Lights! Camera! Your Book Proposal! ... and Why You Need One, Even if You're Self-Publishing
Upcoming SlideShare
Loading in...5
×
 

Lights! Camera! Your Book Proposal! ... and Why You Need One, Even if You're Self-Publishing

on

  • 84 views

Finally - your questions answered: what book proposals are all about - what you do with them - what's in them, and most of all, why a self-publishing author should go through the hassle of creating ...

Finally - your questions answered: what book proposals are all about - what you do with them - what's in them, and most of all, why a self-publishing author should go through the hassle of creating one. It's good business!

Statistics

Views

Total Views
84
Views on SlideShare
84
Embed Views
0

Actions

Likes
0
Downloads
0
Comments
0

0 Embeds 0

No embeds

Accessibility

Categories

Upload Details

Uploaded via as Adobe PDF

Usage Rights

© All Rights Reserved

Report content

Flagged as inappropriate Flag as inappropriate
Flag as inappropriate

Select your reason for flagging this presentation as inappropriate.

Cancel
  • Full Name Full Name Comment goes here.
    Are you sure you want to
    Your message goes here
    Processing…
Post Comment
Edit your comment

Lights! Camera! Your Book Proposal! ... and Why You Need One, Even if You're Self-Publishing Lights! Camera! Your Book Proposal! ... and Why You Need One, Even if You're Self-Publishing Presentation Transcript

  • Lights! Camera!Lights! Camera!Lights! Camera!Lights! Camera! Your BookYour BookYour BookYour Book Proposal!Proposal!Proposal!Proposal! … and Why You Need One, Even if You’re SelfPublishingEven if Youre Self-Publishing Melanie Rigney Bay to Ocean Writers Conference February 23, 2013
  • TopicsTopics What Am I Going to Do with a Book Proposal? Do Self‐Publishers Need to Bother with All This? Elements of a Book Proposal Q L ttQuery  Letter Synopsis/Project Description/Chapter Outline Comparative/Competitive Analysisp / p y Reader Demographics Marketing Plan/Resume/Platform/Endorsements Sample chapters Why Isn’t There a Standard for All This Stuff? How Can I Find Out More?How Can I Find Out More? 2 Please do not reproduce without permission of Melanie  Rigney (editor@editorforyou.com)
  • What Am I Going to Do with a Book Proposal?What Am I Going to Do with a Book Proposal? It’s not just about the writing; it’s also about showing that you  know your place in the market (and showing how you’re going to  sell books) Any reputable agent or publisher is going to want to see at least  some of these elements Progressive goal: From query letter to proposal to contract!Progressive goal: From query letter to proposal to contract! 3 Please do not reproduce without permission of Melanie  Rigney (editor@editorforyou.com)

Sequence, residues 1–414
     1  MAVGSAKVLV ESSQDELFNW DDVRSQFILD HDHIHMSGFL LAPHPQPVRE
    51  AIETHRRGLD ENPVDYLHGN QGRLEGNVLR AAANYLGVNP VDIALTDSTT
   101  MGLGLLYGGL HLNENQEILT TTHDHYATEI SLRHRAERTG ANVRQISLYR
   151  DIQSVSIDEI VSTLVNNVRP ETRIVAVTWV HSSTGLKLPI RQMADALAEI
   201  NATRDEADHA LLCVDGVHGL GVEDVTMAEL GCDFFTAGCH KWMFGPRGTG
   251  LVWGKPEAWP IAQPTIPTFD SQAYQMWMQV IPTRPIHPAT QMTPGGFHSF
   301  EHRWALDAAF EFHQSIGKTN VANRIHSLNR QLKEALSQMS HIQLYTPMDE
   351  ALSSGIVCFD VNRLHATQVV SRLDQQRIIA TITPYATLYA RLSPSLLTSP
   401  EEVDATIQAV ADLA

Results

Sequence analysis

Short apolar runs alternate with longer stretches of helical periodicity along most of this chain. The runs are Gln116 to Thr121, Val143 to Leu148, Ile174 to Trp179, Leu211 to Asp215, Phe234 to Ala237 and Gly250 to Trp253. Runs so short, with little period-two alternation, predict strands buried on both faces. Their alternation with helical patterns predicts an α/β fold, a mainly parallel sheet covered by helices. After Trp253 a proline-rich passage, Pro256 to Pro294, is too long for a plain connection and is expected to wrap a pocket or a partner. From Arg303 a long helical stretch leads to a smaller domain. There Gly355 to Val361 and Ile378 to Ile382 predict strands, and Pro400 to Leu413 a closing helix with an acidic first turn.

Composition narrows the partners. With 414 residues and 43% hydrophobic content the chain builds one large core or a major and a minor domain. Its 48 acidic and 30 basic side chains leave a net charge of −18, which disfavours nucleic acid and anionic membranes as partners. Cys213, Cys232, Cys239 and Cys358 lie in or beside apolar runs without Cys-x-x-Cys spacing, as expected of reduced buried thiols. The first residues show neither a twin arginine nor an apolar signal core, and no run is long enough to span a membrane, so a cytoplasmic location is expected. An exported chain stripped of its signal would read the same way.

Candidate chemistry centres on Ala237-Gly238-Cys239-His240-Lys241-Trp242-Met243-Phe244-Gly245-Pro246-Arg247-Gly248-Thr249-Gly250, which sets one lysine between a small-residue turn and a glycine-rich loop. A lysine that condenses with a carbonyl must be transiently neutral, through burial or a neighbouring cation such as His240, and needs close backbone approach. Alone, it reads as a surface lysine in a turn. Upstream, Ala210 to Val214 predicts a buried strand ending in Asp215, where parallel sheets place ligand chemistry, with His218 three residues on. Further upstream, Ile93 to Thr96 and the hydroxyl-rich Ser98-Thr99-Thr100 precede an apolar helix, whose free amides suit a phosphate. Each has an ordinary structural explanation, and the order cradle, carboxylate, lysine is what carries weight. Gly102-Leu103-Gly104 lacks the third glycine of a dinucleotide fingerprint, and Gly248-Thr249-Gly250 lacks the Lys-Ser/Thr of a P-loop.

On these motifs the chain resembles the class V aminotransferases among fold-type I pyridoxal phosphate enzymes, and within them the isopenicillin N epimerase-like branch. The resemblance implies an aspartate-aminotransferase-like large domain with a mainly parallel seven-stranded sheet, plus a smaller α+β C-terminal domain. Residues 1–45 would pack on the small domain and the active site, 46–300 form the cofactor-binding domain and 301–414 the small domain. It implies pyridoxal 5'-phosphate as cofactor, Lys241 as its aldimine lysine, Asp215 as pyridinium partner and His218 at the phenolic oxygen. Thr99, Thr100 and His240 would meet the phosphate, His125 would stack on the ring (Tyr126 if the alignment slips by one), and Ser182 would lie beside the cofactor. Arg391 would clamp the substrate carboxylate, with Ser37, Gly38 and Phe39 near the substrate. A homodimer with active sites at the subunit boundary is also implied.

• ?: Why Don’t Agents and Publishers Put?: Why Don t Agents and Publishers Put These Things Together for You?g g 4 Please do not reproduce without permission of Melanie  Rigney (editor@editorforyou.com)
  • D S lfP bli h N d t B th ith All Thi ?Do Self-Publishers Need to Bother with All This? Generally, self‐publishers want to sell a few books too! Analyzing the competition and the marketplace helps you see ways  in which you might improve your manuscript (too long, too short,  does or doesn’t meet genre conventions) Developing the proposal elements can help with creation of back eveloping the proposal elements can help with creation of back cover and other “sell” copy, and identification of potential sales  venues Creating a book proposal helps you understand that publishing noCreating a book proposal helps you understand that publishing, no  matter who does it, is a business—and helps you be realistic about  the work required to be successful  5 Please do not reproduce without permission of Melanie  Rigney (editor@editorforyou.com)
  • Elements of a Book ProposalElements of a Book Proposal Query Letter Synopsis/Project Description/Chapter Outline Comparative/Competitive Analysis d hiReader Demographics Marketing Plan/Resume/Platform/Endorsements Sample ChaptersSample Chapters 6 Please do not reproduce without permission of Melanie  Rigney (editor@editorforyou.com)
  • ?: Wh t b t f tti ??: What about formatting? 7 Please do not reproduce without permission of Melanie  Rigney (editor@editorforyou.com)
  • Elements: Query LetterElements: Query Letter Generally, needed for both fiction and non‐fiction proposals One page Th hThree paragraphs Hook (compelling “what if” premise for fiction; compelling  market need for non‐fiction; title) Exposition (how will the book meet the need; how will the novel  answer the “what if,” including basic plotline, main characters,  and resolution; word count)and resolution; word count) Why you’re the one to write it (credentials, connections, etc.) 8 Please do not reproduce without permission of Melanie  Rigney (editor@editorforyou.com)
  • Elements: Synopsis/Project Description/Chapter OutlineElements: Synopsis/Project Description/Chapter Outline Synopsis = fiction; generally 3‐5 pages double spaced, 1‐2 single  spaced, fleshes out the story (including plot and major subplots)  and characters; generally told in present tenseand characters; generally told in present tense Project description/outline are among the terms you’ll see in non‐ fiction; for a memoir or narrative non‐fiction, it’ll look like a  synopsis; other genres, provide a rundown on how the book’s  content will be organized (number of how‐to projects, number of  profiles, etc.) Chapter outline: could be either fiction or non‐fiction; generally,  100‐200 words per chapter, high points of what happens (including  key conflict point)y p ) 9 Please do not reproduce without permission of Melanie  Rigney (editor@editorforyou.com)